The town that fought back is richly rewarded

“A town fighting back” was the mantra adopted by those who originally campaigned to have a government office decentralised to Tipperary and the dream of those campaigners was finally realised on Monday.

“A town fighting back” was the mantra adopted by those who originally campaigned to have a government office decentralised to Tipperary and the dream of those campaigners was finally realised on Monday.

Veteran public representative and chairman of the decentralisation committee in Tipperary, Christy Kinahan, said the official opening of the Department of Justice building in Tipperary town was the culmination of “years of hard work, hopes and dreams as well, but mostly hard work”.

The building is now a permanent home to the Department’s Citizenship section and its 67 staff.

“The slogan behind this effort to achieve a decentralised office was ‘a town fighting back’,” Mr Kinahan said, “because this town has had its share of hardship and its share of hard knocks and its share of industrial closures and its share of austerity, even in those days, and we hadn’t been baled out by anyone.”

He reminded those present for the opening ceremony, including Minister for Justice Alan Shatter, that the process started with a deputation to then-Minister for Enterprise Mary Harney. Much lobbying and meetings followed, before confirmation of the decentralisation was received from then-finance minister Charlie McCreevy, and work could start. “We were over the moon,” he recalled.

Mr Shatter, before cutting the tape to officially open the building, described it as a “truly impressive development” and commended all involved in its design and construction “for the vision and collaboration involved in bringing this shared project to fruition, to deliver such an impressive campus”.

The “21st century facility” was more environmentally-friendly and more efficient in terms of running costs, the minister said.

“The completion of this office is a very welcome development, which has allowed units of the Citizenship Section, formerly housed in separate temporary accommodation in Tipperary, to be re-united in this purpose-built facility.”

Mayor of Tipperary town, Ruairí Devitt, said Monday was the culmination of “many years of hard work and dedication” on the part of many people. “It is an idea that sought to promote Tipperary town as a place to work and visit and live,” he said, and “clearly established Tipperary as a seat of national and local government” which will benefit the entire community of South Tipperary, but particularly the town itself and its environs.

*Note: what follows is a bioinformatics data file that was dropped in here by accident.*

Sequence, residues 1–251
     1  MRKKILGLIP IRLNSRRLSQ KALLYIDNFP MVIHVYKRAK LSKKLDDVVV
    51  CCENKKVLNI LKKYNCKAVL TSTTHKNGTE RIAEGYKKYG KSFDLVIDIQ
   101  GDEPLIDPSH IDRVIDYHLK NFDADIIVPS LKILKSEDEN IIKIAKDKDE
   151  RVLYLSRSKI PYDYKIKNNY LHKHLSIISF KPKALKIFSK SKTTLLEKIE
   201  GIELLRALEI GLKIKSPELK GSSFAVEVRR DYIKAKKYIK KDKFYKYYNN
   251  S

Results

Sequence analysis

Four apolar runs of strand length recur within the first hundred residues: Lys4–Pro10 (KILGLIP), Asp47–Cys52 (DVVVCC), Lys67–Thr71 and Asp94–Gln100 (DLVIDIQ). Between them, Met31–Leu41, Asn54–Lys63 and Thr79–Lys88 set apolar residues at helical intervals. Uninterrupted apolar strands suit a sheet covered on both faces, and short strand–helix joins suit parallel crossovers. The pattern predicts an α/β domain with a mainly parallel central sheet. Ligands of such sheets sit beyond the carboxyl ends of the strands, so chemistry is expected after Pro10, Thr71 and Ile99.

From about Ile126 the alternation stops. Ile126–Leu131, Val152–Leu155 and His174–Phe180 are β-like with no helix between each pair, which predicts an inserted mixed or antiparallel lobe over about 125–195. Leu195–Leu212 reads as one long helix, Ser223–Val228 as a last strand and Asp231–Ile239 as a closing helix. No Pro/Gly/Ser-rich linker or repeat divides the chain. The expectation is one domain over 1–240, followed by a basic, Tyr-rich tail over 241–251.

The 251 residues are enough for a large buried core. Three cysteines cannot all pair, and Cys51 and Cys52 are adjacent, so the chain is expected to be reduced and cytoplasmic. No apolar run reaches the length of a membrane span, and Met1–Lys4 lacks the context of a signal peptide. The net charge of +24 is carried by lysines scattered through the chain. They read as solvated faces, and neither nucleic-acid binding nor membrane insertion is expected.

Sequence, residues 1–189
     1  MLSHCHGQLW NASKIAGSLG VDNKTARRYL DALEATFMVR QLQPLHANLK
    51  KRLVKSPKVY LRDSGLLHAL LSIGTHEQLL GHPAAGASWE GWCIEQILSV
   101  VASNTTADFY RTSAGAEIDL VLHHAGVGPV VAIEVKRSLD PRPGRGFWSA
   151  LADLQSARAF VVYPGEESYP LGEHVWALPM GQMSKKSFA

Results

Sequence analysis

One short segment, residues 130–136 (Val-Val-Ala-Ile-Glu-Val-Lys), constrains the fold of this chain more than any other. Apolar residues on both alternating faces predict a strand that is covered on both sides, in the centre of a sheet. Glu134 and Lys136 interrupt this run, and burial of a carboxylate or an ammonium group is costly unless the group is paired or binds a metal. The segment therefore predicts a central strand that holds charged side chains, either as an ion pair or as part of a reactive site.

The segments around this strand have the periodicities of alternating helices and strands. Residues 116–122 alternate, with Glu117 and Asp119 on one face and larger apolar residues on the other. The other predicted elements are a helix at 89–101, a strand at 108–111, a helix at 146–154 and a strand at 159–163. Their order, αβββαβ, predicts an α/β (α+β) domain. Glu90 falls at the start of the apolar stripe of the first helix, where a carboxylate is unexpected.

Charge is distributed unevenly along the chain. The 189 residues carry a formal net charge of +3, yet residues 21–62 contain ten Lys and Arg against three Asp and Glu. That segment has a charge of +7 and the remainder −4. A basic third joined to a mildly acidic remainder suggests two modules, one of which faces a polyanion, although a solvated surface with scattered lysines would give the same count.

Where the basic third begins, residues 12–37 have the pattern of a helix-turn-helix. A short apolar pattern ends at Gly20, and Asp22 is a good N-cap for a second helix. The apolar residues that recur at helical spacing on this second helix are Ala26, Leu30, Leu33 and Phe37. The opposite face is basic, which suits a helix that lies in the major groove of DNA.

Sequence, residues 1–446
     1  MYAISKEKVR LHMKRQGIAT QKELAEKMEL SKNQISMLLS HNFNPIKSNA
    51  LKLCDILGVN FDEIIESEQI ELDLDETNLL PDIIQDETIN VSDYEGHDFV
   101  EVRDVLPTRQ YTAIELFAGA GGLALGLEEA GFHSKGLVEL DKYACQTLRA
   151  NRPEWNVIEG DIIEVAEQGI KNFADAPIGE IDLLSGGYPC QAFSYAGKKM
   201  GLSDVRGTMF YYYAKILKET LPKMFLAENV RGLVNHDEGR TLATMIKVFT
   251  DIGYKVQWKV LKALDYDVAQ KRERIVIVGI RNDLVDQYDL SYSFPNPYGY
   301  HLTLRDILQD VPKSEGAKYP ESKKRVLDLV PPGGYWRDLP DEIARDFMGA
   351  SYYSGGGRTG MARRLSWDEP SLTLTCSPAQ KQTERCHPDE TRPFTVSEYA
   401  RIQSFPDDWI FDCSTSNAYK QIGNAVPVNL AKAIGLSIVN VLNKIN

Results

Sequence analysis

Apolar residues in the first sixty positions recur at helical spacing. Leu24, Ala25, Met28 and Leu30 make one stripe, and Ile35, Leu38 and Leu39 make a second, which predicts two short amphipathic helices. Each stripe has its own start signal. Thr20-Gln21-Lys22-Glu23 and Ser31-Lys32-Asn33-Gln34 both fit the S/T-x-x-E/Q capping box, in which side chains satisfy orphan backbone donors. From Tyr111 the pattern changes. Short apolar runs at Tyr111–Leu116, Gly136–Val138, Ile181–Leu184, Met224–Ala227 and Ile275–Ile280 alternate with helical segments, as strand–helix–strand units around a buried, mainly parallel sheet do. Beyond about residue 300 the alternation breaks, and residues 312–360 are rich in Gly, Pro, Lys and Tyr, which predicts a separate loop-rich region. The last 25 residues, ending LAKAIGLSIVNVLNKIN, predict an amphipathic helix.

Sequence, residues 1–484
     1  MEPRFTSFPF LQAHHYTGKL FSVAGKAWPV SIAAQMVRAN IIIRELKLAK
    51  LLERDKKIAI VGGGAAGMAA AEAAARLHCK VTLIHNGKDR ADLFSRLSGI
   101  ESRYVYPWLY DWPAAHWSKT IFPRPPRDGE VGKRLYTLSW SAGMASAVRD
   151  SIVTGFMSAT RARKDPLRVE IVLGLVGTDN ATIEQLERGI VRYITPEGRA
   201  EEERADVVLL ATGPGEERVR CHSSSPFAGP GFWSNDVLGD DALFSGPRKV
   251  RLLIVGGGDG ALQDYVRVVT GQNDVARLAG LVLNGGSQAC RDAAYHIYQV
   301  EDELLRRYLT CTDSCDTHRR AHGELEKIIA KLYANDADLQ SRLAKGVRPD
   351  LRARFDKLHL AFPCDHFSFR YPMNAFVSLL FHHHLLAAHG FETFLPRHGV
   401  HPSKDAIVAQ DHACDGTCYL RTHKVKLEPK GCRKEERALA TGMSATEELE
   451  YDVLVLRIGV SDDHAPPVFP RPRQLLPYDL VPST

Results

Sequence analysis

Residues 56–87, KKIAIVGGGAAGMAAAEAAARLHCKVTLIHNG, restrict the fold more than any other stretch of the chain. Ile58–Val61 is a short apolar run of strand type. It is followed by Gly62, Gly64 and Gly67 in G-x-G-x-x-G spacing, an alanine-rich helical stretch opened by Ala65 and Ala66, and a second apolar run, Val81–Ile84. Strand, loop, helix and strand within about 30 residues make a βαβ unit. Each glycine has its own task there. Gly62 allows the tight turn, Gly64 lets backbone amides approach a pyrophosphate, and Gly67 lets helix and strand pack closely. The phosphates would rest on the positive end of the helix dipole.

Comprising the Department of Justice’s citizenship section and the new Tipperary town civic offices, with a “civic plaza” and a welcoming space for all, the building was now “a landmark area for the town,” according to Cllr Devitt, which “reinforces the presence of democracy in the community”.

Chairman of South Tipperary County Council, John Crosse, said it was “a significant day for the county, marking the completion of the decentralisation” project.

The support the project had received from many quarters had been “remarkable,” Cllr Crosse said, and it was “a testament to the spirit of the people involved”.

County manager Billy McEvoy described it as a “magnificent complex” and represented a successful joint venture between the OPW and the local authorities. “We have new national government offices and new local government offices, side by side in a beautiful setting. Why would you want to work anywhere else?”

Dan Breen House had served the area well for over 40 years as a focal point for the delivery of local services, Mr McEvoy told the gathering on Monday, but the accommodation it provided was no longer suitable either for council members or staff or the public. “It wasn’t up to modern-day standards. The writing was on the wall for us as a local authority.”

An ideal opportunity came about through the joint venture with the OPW, and the purchase of a green-field site from the Sisters of Mercy, he said.

It might seem “ironic” to be opening new public offices just after the government had announced plans for the local government system [which would see town councils abolished throughout the country], but Mr McEvoy said he was confident that Tipperary town would continue to provide “quality public services” from the new building.

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